- Push-on grips are lighter than their counterparts
- These models are definitely more affordable.
Disadvantages of Push-on-Grips
- They can slip when in a crash and may also not help if you’re ever biking in a heavy storm.
- I don’t like the installation at all.
My Experience with Push-on Grips
Before shifting to my current ODI lock-ons, I had used the ESI Mtb grips push-on grip. For one, they were cheaper and were quite a remarkable improvement on typical push-ons.
You get excellent dry or wet grip, greater comfort, and it looks good.
At around 34mm in diameter, they balance weight superbly while their silicone foam is one of the most durable.
As it is the case with push-on MTB grips, these are awesome in absorbing road vibrations.
Crucially, once you get hang of the installation process, they become so easy to fix.
Overall, such a push-on is a great option, especially where you are looking for a cheaper choice.
3. Ergonomic Mountain Bike Grips
In some instances, a standard MTB grip design may fail to work. Among the group that doesn’t find relief in standard grips are riders with wrist issues.
Now, for this group, we recommend ergonomic grips. These are more contoured and their shape fit most hands.
They thus provide more support to your wrist allowing you to ride more comfortably and for longer.
Most importantly, they have a way of alleviating pain to your wrist.
Here is the link to one of the best ergonomic MTB grips.
This Is How to Choose the Best MTB Grips for Numbness
There are plenty of considerations to check out when purchasing comfortable mtb grips.
1. Composition and Materials
A lot of grips are made of rubber and another compound. The latter can create a softer or harder grip.
Softer compounds are usually comfier, deliver better grip, and are better absorbers of vibrations.
They, however, wear out faster.
Upgraded grips use several layers of various compounds to optimize comfort and durability.
Silicone is another compound and is superb in dry conditions. Its one drawback is that it’s easily damaged during crashes.
Foam grips have magnificent vibration damping properties, in addition to slightly conforming to your hand.
2. Fat Or thin
Contrary to what some riders think, fat grips don’t necessarily translate to more cushioning and comfort.
Exceedingly chubby MTB grips are difficult to hold and will result to an uncomfortable, panicky, and tiring grip.
Riders with small hands should opt for the skinniest and lightest mtb grips possible because of the extra stability.
Overall, it’s better to research the various thin/thick options to determine the most comfortable bike grips- for you.
3. Shape and Length
Soft bike grips can either be straight or have a contoured fit that shapes up to your hand better.
The best mtb grips for big hands are those sufficiently long for your hands to grip comfortably.
Longer grips are, however, not the best with small hands as they may result into other essentials such as brake levers or gear shifters being far away and hard to reach, so pick shorter grips.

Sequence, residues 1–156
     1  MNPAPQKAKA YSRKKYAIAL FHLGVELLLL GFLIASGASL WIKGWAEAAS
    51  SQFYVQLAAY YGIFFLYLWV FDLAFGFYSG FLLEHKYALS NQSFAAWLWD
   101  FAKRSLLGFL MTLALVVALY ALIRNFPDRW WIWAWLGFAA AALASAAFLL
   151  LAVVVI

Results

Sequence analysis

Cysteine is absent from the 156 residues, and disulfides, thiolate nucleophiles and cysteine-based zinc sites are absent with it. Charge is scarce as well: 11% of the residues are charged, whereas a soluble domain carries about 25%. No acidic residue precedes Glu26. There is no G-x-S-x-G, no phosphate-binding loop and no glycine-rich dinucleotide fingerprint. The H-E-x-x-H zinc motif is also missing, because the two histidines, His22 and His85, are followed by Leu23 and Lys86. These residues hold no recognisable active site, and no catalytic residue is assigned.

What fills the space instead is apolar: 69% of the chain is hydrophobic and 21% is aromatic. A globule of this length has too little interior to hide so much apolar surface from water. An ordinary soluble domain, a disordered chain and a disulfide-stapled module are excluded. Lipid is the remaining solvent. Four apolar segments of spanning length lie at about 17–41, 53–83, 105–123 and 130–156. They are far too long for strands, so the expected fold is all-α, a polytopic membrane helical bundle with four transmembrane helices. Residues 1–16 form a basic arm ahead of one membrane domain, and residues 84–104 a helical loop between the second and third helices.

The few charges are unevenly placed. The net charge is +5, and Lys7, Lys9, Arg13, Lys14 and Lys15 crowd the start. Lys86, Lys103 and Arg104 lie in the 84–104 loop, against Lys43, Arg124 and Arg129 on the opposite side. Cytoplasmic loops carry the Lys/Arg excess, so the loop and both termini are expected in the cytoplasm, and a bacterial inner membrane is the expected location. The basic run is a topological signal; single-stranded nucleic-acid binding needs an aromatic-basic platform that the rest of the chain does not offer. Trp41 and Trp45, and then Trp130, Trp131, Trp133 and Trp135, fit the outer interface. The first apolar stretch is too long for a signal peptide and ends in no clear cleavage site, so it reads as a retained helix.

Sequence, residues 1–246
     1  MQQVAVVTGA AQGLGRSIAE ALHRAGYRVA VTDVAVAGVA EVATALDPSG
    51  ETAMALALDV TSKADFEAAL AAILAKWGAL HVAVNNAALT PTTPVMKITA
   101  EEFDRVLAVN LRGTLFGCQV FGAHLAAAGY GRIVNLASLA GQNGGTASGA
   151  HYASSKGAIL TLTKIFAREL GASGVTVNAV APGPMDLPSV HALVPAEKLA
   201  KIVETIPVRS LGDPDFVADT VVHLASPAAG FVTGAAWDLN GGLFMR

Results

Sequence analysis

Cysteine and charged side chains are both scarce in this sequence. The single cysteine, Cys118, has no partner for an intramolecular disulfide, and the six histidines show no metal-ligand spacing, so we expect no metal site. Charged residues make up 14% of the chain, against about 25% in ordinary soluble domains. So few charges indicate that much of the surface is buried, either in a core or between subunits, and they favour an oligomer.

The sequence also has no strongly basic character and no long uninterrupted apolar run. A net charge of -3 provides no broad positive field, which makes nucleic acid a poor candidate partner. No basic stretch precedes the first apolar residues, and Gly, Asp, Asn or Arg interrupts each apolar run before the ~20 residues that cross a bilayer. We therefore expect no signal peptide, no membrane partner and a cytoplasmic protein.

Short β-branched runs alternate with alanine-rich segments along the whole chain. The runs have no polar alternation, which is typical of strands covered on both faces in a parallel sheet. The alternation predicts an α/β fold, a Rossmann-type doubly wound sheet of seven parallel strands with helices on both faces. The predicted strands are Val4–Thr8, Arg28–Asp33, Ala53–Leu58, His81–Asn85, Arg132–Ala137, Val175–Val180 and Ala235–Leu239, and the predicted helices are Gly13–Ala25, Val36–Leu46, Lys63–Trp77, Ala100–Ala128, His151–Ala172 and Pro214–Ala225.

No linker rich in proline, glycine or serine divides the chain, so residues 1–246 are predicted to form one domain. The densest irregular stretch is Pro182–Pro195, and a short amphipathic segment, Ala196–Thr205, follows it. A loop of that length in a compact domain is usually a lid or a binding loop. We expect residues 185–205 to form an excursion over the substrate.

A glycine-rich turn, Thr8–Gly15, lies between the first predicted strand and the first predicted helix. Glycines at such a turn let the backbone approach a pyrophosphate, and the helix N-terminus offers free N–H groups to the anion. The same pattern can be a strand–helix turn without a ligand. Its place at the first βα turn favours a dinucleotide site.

Wider grips spread out pressure efficiently and are more comfortable while rounded grips are the most responsive.
Well, this is one of the most controversial factors and I’m of those who feel that people tend to overemphasize on the importance of a tread pattern.
That being said, grips with a deeper tread pattern are more forgiving when riding without gloves even in any environment.
On the other hand, a low profile tread pattern is often preferred by riders who love to wear gloves.
This is it:
Just some reasonable tread is enough. Avoid totally smooth grips as they may be slippery in some conditions.
5. Ergonomic Construction
The overall design of the best bike grips and subsequent functionality should ideally conform to the principles of ergonomic designs.
These, by far, have an improved palm grip. Moreover, they are easier to use and offer more convenience on the whole.
Related post: Best Cycling Gloves For Numbness
What Comfy Grips For Numb Hands?
If you’re still wondering what comfy grips for numb hands you should choose even now, here is what I think:
- A slimmer grip is always better because thicker models tend to grow uncomfortable a couple of miles into your ride. Thinner types also have better handling and feel.
- Ideally, pick a lock-on because they are easier to install/ remove. Plus, they stay put.
- I believe the best mtb bike grips adhere to the recommended ergonomic features. Those whose overall design conforms to a primary ergonomic design have a better adaptability and palm grip.
Wrapping it Up
In as much as we are talking about the best mtb grips for numbness being your savior from hand numbness, it’s important that you don’t overlook other caring measures for your hands.
Mind about your positioning on the mountain bike and the setup, lest you damage more nerves and cause further pain and numbness.
Also, consider talking to a professional healthcare provider in case of prolonged hand discomfort.